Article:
sprinting and achilles

Sprint Smart: Tending to your Achilles Tendons

At Primal Speed, we promote the myriad of benefits of sprinting and power work because we want people to experience a higher quality of life, enabling them to perform their desired physical activities with vim and vigor. But we would be remiss to ignore the injury risk that exists with ballistic and high-effort activities such as sprinting.

Every physical activity presents the body with potential benefits and drawbacks, and sprinting is no different. Besides the obvious risk of muscle strains, overload to tendons is a common occurrence. This is especially true for the middle-aged and older individuals out there who desire to keep higher levels of speed and power as they age.

Of all the tendons in the lower body that are at risk for becoming irritated and overloaded from sprinting, it is the Achilles tendon that most frequently succumbs to conditions such as tendinopathy (aka “tendinitis”).

Other tendons that are at risk are the patellar tendon, the gluteal tendons, and even the plantar fascia, which behaves similarly to the other mentioned tendons when overloaded.

Tendons 101


Since tendons connect muscles to bones, they help to transmit forces from muscular contractions so that movement can occur. The lower extremity tendons, especially the Achilles tendon, also behave like a spring and help to store and release elastic energy to make movements like walking, running, and especially jumping and sprinting, more efficient.

This storage and release of elastic and mechanical energy has also been called the “stretch-shortening cycle,” or “SSC” in the scientific literature. Unfortunately, when too much of this type of loading is performed or too high of an intensity occurs, a tendon can get overloaded, strained, and injured. The most graphic example of overload is tendon failure, or rupture.

Tendon Overload

When tendons get overworked, they can go into what’s termed “reactive tendinopathy.” The tendon becomes sore and painful, perhaps even a bit swollen.

Despite what appears to be an inflamed area, reactive and cranky tendons don’t have a significant inflammatory process going on; therefore, researchers and clinicians have been moving away from the term “tendinitis” since inflammation, although present, is not the primary driver of the condition.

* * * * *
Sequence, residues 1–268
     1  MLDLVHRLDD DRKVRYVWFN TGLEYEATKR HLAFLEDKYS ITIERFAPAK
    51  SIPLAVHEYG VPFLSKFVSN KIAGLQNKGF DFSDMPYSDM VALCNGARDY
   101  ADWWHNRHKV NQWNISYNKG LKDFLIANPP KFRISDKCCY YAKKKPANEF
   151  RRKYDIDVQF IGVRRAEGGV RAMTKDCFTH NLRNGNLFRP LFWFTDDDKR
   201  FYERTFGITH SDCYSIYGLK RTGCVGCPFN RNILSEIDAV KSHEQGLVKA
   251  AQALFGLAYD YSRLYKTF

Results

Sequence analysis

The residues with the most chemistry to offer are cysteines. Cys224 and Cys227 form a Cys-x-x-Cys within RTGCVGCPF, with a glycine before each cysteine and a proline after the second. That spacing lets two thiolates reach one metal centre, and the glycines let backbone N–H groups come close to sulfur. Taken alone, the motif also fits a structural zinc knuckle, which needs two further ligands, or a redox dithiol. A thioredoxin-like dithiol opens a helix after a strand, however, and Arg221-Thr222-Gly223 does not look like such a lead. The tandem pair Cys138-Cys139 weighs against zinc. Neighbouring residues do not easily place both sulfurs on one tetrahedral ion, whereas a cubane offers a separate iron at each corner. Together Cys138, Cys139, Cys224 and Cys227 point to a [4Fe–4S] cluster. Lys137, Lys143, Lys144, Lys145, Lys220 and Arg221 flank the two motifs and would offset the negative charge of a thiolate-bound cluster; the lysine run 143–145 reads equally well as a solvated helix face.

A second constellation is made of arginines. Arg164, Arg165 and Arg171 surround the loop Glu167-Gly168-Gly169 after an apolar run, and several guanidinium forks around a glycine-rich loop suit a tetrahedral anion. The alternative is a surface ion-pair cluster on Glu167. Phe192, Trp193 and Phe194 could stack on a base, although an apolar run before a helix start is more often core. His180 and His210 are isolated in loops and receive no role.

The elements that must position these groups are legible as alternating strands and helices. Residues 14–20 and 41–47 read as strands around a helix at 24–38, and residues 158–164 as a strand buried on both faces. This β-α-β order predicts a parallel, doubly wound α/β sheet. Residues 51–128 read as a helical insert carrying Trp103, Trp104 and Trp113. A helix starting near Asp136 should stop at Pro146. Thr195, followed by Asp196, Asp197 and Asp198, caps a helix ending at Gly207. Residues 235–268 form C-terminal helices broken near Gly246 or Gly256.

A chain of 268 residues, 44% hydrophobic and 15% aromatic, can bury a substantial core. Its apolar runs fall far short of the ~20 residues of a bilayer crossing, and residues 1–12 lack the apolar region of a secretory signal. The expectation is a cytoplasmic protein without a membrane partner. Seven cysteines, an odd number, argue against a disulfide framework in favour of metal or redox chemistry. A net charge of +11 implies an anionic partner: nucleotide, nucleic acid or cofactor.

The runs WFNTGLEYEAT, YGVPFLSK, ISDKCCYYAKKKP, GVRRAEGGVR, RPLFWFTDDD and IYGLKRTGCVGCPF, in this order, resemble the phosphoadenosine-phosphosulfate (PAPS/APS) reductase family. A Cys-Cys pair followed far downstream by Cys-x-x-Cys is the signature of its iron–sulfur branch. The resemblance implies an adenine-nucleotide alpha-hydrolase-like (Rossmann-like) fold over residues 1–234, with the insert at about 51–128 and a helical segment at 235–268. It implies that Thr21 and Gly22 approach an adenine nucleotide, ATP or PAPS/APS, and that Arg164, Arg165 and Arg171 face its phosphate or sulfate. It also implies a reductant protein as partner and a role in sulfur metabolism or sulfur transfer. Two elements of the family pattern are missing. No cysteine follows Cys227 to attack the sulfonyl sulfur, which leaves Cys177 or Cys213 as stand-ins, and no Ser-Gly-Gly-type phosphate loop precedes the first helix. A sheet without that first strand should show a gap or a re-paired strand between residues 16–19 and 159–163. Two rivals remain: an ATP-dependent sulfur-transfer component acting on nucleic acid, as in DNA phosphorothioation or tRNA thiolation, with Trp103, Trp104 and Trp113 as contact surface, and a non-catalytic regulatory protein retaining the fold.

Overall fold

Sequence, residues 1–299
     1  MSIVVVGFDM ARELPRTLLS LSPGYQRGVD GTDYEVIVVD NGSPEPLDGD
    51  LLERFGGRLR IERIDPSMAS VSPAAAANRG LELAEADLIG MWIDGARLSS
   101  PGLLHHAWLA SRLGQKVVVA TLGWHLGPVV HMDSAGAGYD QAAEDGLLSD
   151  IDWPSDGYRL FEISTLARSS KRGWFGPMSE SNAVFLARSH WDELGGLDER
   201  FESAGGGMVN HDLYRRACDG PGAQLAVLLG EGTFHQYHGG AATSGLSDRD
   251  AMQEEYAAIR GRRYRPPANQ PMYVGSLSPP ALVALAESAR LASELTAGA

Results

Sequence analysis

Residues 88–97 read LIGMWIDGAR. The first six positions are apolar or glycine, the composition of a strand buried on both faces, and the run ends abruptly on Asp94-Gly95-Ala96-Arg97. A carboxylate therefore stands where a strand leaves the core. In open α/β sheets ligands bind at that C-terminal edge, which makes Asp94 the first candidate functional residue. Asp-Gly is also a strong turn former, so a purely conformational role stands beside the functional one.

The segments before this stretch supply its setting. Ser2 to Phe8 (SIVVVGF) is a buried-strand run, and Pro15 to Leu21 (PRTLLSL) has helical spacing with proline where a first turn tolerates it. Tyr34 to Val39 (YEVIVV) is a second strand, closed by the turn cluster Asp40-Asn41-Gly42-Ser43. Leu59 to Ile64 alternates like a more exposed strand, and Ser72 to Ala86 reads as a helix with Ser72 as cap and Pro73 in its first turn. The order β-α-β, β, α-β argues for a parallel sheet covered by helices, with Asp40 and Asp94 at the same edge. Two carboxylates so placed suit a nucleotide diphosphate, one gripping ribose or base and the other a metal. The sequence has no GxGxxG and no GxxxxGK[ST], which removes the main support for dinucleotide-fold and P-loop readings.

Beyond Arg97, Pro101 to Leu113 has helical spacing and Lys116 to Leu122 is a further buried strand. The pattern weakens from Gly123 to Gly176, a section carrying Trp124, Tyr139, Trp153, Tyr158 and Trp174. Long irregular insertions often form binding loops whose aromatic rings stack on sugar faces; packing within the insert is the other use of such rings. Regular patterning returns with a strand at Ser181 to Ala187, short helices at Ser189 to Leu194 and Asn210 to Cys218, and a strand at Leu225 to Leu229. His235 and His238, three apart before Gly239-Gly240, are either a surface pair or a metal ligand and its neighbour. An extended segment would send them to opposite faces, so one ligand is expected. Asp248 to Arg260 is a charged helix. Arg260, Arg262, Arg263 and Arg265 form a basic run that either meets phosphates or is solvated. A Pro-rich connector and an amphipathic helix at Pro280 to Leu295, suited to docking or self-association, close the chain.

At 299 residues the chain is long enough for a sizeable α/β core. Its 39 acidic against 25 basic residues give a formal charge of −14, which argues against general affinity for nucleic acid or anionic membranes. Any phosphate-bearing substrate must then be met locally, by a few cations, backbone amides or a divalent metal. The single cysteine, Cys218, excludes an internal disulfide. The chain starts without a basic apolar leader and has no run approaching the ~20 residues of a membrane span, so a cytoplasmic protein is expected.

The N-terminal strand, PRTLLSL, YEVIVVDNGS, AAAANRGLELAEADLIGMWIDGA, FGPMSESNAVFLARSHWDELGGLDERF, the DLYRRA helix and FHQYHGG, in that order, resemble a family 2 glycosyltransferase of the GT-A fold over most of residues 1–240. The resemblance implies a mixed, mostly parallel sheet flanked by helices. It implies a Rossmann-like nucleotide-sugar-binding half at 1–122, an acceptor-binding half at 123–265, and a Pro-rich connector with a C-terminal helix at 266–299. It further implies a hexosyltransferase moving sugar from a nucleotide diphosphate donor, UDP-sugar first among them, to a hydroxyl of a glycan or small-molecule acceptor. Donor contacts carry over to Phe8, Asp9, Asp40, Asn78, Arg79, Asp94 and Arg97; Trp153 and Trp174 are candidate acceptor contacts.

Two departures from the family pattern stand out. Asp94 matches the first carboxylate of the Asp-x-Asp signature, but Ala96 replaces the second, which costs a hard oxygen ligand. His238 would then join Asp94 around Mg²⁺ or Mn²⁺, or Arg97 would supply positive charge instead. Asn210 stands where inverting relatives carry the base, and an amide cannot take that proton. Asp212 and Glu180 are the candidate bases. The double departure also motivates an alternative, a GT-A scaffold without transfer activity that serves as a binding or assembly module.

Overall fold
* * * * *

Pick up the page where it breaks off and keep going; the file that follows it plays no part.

The major culprit in irritating a tendon such as the Achilles tendon for example, is the adage “too much too soon.”

With sprinting, the foot hits the ground on the forefoot (ball of foot) and this puts large forces through the metatarsal heads, the plantar fascia, and the gastroc-soleus-Achilles tendon complex.

If the force or the volume of the foot strikes exceeds the capacity of the tendon, it can get irritated. Additionally, doing too much hill work, being overweight, having diabetes or blood sugar regulation issues, hyperlipidemia, and even taking certain antibiotics (floriquinilones) can all increase the risk of tendon overload and injury.

However, since pain in the region of a tendon can be coming from a more serious cause, it’s always important to check with a competent health care professional such a physical therapist, athletic trainer, sports medicine physician, or podiatrist before trying to treat something like this on your own.

The Bottom Line and Key Take-Aways


The bottom line is that tendons are “change-phobic,” meaning they do not like large fluctuations in volume and intensity of loading. The key is to find the appropriate amount of continuous loading that promotes the biological adaptations we are looking for, but without overloading the tendon and causing a reactive and painful tendinopathic type of condition.

This is why my brother and I can be found saying that sprinting and plyometrics are like playing with fire; it’s easy to get burned if you’re not careful! Thus, a little can often go a long way.

When learning to perform true alactic (without lactate) types of sprints (less than 6-7 seconds), it can be euphoric, a feeling we like to call the “sprinter’s high.” This is similar but different to the well-known “runners high.”

This euphoric feeling can cause many sprinting enthusiasts, especially the middle aged and more “seasoned” ones, to overdo it, thinking that they’re back in high school again reliving their glory days!

This can lead to a subsequent stirring up of their Achilles tendons or other muscle strains and pulls such as the ubiquitous hamstring “pull” that plagues many weekend warriors. With respect to tendons, once they get flared up, the pain, stiffness, and inhibition of muscle function can last for weeks to months. It absolutely sucks.

In an upcoming article, some tips and suggestions will be given on how to incorporate the powerful and euphoric drills and skills of primal speed sprinting, but with a common-sense approach to volume, intensity, and progression. When approached rationally, sprinting and power work (jumps, throws, skips, etc.) can be weaved into a health and wellness-approach to life-long fitness and athletic development (intentional athleticism).

In speed, strength, and health,

Keats Snideman

Trackback from your site.

Keats Snideman

Keats Snideman is a health and fitness-promotion specialist and owner of the Reality-Based Fitness, a Training Center in Tempe, AZ. He specializes in evidence and science-based strength & conditioning and soft-tissue therapies. His hobby and passion is in the development and maintenance of speed, strength, and dynamic mobility as the human body ages.

Leave a comment

You must be logged in to post a comment.